Press "Enter" to skip to content

Month: July 2022

Text Clustering with Python

Luke Menzies takes us through the gensim library:

An interesting branch of machine learning is Natural Language Processing (NLP). As the name suggests, it involves training machines to detect patterns in language using algorithms. It is quite often the case that NLP is referred to as text analytics. It is actually more impressive than that. It examines vectorised patterns which not only looks at the positioning of elements but what it means in context to neighbouring elements within the vector. In a nutshell, this technique can be extended beyond text to patterns of linguistics in general and even contextual patterns. Nevertheless, its primary use in the machine learning world is to analyse text.

This article will focus on an interesting application of NLP which involves the clustering of text. Clustering is a popular unsupervised machine learning technique used for segmentation or grouping of data. It is a very powerful tool that is used across a variety of industries. However, it is rare you hear of applying clustering to text. This can be achieved using NLP functions, combined with clustering algorithms that can handle non-Euclidian distances.

Read on for an overview of the process and an example of combining DBSCAN with word2vec to cluster phrases.

Comments closed

Query Splitting in Entity Framework

Guy Glantser doesn’t pull punches:

Recently, while working with a customer and tuning some queries, we spotted a query that seemed odd. Something about it wasn’t right. After some more investigation, the developer recognized the query as a one generated by Entity-Framework and using the SplitQuery feature. This was new to me. It’s the first time I encountered this feature, so I went to learn about it.

Now that I know what it is and how it works, I can tell you that it’s a terrible feature in most cases. Developers should avoid using it, unless there is a good reason to use it (which I doubt).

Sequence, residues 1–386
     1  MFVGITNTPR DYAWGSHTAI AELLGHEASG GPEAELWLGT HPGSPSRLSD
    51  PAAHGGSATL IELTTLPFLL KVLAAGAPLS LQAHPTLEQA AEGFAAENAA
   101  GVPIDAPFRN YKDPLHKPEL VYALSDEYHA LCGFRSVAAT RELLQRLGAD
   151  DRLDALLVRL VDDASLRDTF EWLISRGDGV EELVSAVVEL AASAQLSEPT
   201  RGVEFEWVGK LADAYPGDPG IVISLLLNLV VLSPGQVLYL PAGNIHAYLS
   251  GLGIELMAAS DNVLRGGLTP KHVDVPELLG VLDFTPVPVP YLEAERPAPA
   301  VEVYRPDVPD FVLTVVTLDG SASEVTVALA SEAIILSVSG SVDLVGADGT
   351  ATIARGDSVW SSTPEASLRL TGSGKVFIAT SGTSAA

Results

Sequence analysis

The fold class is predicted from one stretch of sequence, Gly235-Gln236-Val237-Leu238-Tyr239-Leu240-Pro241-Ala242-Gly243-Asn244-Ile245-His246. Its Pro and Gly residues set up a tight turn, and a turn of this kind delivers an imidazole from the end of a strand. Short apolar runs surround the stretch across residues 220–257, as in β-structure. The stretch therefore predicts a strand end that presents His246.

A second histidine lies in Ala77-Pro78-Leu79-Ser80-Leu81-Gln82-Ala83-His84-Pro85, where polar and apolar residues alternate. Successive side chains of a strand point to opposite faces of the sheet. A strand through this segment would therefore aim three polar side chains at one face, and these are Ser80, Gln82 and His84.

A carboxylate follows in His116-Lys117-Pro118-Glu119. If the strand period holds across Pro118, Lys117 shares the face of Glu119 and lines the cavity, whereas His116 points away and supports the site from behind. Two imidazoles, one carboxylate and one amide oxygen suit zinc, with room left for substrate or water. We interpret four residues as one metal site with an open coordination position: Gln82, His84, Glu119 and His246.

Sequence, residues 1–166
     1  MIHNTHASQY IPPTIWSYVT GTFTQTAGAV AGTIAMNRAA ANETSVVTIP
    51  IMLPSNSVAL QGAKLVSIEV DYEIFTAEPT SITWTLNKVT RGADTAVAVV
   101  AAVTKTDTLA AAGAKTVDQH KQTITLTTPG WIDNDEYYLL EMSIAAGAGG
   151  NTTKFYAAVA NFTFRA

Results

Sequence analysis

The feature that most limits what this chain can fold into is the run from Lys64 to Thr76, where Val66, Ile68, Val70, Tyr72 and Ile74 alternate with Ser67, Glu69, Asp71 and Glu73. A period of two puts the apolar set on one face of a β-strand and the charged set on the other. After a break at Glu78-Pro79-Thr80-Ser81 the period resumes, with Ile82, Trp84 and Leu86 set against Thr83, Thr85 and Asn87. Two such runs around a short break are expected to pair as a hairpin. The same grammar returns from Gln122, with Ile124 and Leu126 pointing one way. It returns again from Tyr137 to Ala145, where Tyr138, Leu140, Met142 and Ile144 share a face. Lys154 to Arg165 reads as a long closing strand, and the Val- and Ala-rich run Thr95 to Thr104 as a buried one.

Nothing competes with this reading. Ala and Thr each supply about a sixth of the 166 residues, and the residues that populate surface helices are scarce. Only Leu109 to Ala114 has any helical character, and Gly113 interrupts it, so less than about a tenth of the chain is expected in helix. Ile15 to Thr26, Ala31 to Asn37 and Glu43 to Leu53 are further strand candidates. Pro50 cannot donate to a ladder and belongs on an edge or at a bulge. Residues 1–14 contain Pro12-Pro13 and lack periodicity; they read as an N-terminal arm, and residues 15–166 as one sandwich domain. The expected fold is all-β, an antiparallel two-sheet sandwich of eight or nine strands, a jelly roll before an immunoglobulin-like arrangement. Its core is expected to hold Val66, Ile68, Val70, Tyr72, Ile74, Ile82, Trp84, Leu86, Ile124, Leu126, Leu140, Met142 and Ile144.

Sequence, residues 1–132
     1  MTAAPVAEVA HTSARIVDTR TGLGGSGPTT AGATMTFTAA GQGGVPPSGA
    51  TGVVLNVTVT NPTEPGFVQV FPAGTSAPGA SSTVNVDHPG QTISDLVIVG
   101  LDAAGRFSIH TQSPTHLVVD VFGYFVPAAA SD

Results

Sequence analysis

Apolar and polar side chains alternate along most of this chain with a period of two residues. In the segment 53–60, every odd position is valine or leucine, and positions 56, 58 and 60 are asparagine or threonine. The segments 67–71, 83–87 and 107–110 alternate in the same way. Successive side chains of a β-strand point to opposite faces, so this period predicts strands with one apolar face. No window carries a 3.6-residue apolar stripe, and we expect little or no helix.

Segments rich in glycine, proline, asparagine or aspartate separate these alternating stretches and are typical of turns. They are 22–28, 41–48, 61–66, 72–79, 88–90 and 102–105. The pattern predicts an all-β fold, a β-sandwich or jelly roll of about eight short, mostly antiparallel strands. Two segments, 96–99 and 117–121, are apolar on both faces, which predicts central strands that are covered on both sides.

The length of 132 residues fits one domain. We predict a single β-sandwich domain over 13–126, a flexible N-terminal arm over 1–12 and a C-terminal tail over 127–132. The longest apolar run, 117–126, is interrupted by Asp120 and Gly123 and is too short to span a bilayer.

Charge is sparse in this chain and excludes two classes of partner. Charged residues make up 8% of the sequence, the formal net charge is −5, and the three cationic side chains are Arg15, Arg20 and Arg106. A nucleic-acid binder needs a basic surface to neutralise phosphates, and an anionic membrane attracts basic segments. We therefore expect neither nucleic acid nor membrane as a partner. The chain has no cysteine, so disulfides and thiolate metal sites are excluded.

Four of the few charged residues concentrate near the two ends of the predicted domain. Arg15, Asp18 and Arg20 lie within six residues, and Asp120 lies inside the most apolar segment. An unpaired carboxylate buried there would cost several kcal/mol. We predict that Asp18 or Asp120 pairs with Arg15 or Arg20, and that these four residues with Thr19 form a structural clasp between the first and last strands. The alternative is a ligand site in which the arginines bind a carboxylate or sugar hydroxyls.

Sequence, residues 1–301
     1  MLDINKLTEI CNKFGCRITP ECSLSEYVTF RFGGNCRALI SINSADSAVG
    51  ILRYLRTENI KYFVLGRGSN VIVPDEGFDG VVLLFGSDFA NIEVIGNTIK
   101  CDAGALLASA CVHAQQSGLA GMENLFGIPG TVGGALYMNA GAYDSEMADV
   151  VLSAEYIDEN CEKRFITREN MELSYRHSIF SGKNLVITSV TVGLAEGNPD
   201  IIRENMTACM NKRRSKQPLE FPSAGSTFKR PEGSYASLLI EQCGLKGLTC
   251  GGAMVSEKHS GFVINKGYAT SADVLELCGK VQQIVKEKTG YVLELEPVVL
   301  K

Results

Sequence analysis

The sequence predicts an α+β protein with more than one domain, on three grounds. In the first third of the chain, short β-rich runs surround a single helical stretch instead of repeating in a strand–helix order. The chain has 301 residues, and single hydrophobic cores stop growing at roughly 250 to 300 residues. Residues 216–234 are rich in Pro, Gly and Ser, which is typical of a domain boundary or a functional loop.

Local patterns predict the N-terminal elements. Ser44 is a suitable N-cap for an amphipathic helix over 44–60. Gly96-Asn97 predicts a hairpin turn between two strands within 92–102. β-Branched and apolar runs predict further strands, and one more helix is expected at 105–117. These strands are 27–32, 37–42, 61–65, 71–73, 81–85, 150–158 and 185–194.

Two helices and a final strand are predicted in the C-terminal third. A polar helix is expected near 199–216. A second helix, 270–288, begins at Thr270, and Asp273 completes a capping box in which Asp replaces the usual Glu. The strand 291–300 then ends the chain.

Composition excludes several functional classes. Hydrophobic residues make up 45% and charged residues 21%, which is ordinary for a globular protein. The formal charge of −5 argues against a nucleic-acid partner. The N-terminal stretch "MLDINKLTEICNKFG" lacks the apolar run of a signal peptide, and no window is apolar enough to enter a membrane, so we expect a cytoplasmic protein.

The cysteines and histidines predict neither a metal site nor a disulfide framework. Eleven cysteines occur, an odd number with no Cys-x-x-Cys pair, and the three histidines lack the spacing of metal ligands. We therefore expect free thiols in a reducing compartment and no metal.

I thought based on the title that this was something totally different. Reading what Guy has to say about it, I fully agree.

Comments closed

Target Areas on a Line Chart

Mara Pereira adds target bands to a line chart:

At the time I could not really find an easy way to achieve this… Until error bars came out!

Don’t be fooled though, it’s still a bit tricky to build a line chart like this, however I found it way easier now than before.

So, you must be thinking now “how did you do that?”.

Well, let’s find out!

The end result looks really nice, though it takes a lot of work to get there.

Comments closed

Data Quality Checks in Power BI

Kristyna Hughes wants to match up data:

Picture this, you have a report in Power BI that someone passes off to you for data quality checks. There are a few ways to make sure your measures match what is in the source data system, but for this demo we are going to use python and excel to perform our data quality checks in one batch. In order to do that, we are going to build a python script that can run Power BI REST APIs, connect to a SQL Server, and connect to Excel to grab the formulas and to push back the quality check into Excel for final review. To find a sample Excel and the final python script, please refer to my GitHub.

Check out the GitHub repo as well as Kristyna’s very detailed walkthrough.

Comments closed

SQL Server 2022 CTP 2.1 Released

Ajay Jagannathan has a good announcement:

Continuing with our release cadence, we’re excited to announce the release of SQL Server 2022 Community Technology Preview 2.1. Since the first public preview in May 2022, anyone can download SQL Server 2022 CTP2.1 to try the new features in this release.